When we strip all away, a foundation rife with falsehoods can be often found at the core of our being. Believing these lies exacerbates all of the problems; until the light of Jesus illuminates error and transforms the heart, symptoms will only grow worse. Possible lies which may become ingrained into one's mind—and therefore blanketed across every element of life—could be:
• Physical abuse is worse than emotional abuse, so I shouldn't feel this bad
• I am stupid for feeling like this; there is no reason for it
• I just need to get over this--whatever it is
• I am just under a spiritual attack
• Others have it worse so I should just be thankful and pray the depression goes away
• I must not be reading my Bible enough
• It's not like I am being beaten or going hungry or anything, so. . .*shrug*
• It's no big deal
It is amusing when little children insist they are not tired. Yet they go willingly to bed after gentle reminders that they didn't take a nap, that their eyes will not stay open, and that they are face down in their mashed potatoes. It is similarly ironic when those who insist they are well, but flushed cheeks, warm skin, glassy eyes and lethargy indicate fever.
Have you ever staunchly refused to believe something until finally faced with a list of symptoms, the truth is undeniable?
Even if your family appears non-extremist—normal—within this conservative movement, if you are exhibiting the symptoms of deep, serious issues, I beseech you to sit with these things in stillness and prayer before God, asking Him to reveal to you what it is that you need to know. It is my humble belief that God desires truth to be known by you—the truth of the source of your pain. Abuse is abuse—whether it is physical, emotional, sexual or spiritual—and all of it grieves the heart of God. Minimizing it and shrugging it away does not honor God nor does it bring the healing that He longs for you to have. Wait on Him and His timing, trusting that whatever it is you find He will give you strength to bear. In the meantime, He will never leave you nor forsake you.
Signs and times
In most cases, symptoms and features indicate that something is wrong. In our fallen world, peopled by sinful creatures who bear the image of God and yet tarnish His name, the sad reality is that we have all been hurt at some point in our lives. When these wounds are caused by those meant to protect, nourish, and love us the most, we bear the most excruciating pain. Our loyal tendency is to excuse and dismiss hurtful actions—“They were just doing the best they could,” or “It’s okay,” or “That was so long ago; I don’t even really remember that,” or “I was just a baby.”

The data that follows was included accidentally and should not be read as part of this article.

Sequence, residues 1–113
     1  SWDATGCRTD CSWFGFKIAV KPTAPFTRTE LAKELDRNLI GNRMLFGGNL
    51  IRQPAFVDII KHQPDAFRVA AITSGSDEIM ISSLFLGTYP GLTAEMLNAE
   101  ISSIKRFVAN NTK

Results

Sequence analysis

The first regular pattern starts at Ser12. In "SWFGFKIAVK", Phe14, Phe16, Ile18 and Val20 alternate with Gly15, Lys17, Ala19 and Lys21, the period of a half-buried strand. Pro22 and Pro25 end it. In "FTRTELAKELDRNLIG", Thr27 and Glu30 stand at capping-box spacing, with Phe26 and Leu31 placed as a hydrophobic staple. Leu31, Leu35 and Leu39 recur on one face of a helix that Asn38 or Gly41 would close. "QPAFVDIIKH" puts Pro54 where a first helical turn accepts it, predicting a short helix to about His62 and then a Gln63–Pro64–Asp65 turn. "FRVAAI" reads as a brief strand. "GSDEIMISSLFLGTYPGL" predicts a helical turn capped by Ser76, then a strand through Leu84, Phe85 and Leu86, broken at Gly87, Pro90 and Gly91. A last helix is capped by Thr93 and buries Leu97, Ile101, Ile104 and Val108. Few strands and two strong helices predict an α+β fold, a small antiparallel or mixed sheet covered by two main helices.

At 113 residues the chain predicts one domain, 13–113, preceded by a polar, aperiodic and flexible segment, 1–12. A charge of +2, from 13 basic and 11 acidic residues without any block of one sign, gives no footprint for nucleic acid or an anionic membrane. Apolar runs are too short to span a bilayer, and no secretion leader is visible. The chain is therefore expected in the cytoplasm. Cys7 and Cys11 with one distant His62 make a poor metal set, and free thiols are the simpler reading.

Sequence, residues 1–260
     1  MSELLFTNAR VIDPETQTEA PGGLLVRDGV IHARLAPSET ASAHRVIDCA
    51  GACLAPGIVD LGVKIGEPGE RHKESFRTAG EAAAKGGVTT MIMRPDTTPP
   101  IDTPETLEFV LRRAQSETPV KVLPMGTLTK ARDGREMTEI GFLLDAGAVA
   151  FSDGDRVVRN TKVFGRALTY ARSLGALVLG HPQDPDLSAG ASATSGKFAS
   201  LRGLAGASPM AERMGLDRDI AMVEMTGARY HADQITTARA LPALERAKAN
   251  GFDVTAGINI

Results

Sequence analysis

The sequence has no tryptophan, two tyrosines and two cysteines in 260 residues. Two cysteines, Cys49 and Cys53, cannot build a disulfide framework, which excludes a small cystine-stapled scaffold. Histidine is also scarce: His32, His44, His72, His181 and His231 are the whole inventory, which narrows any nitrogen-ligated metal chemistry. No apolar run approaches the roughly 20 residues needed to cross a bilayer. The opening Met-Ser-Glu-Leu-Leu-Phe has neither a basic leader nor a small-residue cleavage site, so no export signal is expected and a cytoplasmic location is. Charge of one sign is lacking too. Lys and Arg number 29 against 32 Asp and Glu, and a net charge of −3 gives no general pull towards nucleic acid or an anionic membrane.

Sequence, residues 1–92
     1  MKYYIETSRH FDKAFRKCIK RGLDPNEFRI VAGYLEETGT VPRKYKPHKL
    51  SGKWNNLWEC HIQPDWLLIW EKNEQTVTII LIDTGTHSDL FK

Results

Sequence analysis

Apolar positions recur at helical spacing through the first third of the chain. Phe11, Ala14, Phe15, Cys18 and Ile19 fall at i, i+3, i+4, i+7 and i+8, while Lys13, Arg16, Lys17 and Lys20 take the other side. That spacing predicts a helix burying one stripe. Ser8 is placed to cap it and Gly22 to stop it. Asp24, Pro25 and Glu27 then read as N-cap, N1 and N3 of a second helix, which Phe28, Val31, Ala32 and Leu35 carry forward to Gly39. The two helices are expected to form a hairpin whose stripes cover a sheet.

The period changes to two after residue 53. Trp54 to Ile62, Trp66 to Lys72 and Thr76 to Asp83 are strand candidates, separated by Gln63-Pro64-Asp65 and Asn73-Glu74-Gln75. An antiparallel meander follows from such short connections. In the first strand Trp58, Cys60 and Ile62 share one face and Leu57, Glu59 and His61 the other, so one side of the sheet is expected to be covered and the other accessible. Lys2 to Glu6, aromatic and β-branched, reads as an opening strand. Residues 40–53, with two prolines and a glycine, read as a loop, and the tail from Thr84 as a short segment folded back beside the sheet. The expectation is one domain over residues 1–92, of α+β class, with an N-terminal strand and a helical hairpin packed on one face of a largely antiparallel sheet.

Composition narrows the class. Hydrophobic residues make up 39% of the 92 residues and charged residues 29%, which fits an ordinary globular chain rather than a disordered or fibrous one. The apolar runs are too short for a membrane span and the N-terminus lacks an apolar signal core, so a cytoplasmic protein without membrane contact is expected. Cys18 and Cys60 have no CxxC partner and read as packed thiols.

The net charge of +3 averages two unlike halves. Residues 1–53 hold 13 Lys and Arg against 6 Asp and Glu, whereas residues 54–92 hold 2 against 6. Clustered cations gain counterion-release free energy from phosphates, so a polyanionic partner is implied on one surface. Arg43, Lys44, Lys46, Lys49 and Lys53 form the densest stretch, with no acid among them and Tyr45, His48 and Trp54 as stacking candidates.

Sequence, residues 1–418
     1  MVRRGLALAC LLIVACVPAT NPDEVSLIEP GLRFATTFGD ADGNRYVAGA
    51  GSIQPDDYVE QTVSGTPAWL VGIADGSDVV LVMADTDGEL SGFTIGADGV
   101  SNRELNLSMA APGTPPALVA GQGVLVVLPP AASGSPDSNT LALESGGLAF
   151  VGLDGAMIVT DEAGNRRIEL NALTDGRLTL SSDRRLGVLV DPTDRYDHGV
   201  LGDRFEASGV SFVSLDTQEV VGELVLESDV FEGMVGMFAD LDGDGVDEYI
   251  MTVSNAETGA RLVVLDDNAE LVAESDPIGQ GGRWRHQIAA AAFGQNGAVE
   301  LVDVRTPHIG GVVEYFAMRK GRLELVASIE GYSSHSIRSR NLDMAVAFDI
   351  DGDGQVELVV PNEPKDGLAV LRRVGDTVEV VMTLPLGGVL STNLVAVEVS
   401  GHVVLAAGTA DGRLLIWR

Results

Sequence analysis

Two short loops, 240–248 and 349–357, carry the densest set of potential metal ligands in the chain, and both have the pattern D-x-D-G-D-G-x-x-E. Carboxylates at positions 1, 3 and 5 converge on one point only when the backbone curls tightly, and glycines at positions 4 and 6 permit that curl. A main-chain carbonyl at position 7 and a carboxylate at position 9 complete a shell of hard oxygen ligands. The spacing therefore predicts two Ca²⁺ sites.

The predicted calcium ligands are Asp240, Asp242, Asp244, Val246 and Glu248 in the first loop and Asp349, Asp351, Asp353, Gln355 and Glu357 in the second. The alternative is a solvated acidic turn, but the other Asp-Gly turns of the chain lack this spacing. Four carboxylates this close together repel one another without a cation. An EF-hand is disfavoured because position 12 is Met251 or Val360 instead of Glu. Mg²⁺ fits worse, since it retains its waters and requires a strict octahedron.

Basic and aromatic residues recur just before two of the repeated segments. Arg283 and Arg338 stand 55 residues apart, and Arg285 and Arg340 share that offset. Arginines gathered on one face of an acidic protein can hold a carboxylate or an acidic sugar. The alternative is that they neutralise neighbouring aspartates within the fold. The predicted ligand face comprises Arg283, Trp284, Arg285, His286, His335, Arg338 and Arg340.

As I have written before, forgiveness does not mean its okay. Forgiveness is a separate issue; forgiving someone who has wronged you—while a godly spiritual discipline—does not miraculously ameliorate the scars inflicted upon you. That is the work of our Heavenly Father—who sometimes allows symptoms to smolder under the surface, occasionally erupting until they become present enough to sustain your attention.
It is here, into the pain, that our Savior invites you. Here, into the darkness, where His light can shine. Here, into the brokenness, where His hands can heal. Here, into the unknown, so that He can become known.
It is here we learn that we have significance.
It is here that He meets us, in our woundedness and vulnerability, in the shame of our nakedness, in the raw and the wild. It is here that He is glorified, for His strength is made perfect in our weakness. In the secret shadows of pain He infuses the light of His truth—redeeming, revealing, and restoring.
If you feel as though you are the proverbial “middle child” within Christian culture—not as extreme as some, yet more conservative than others—and stumble trying to find your voice among the confusing messages you receive, take heart, dear sister. You have been created and chosen, as you. Your wounds and your words have equal validity. You matter dearly to God, and He has a purpose for you. Perhaps your testimony will not elicit ooohs and ahhhs from the congregation; likely you will not become a martyr from foreign lands. As you dwell faithfully however, daily showing your devotion to God, it is quite possible that somewhere, your story might grant an exhausted young woman in the midst of dishes and laundry to catch her breath in hope—and keep going for just one more day.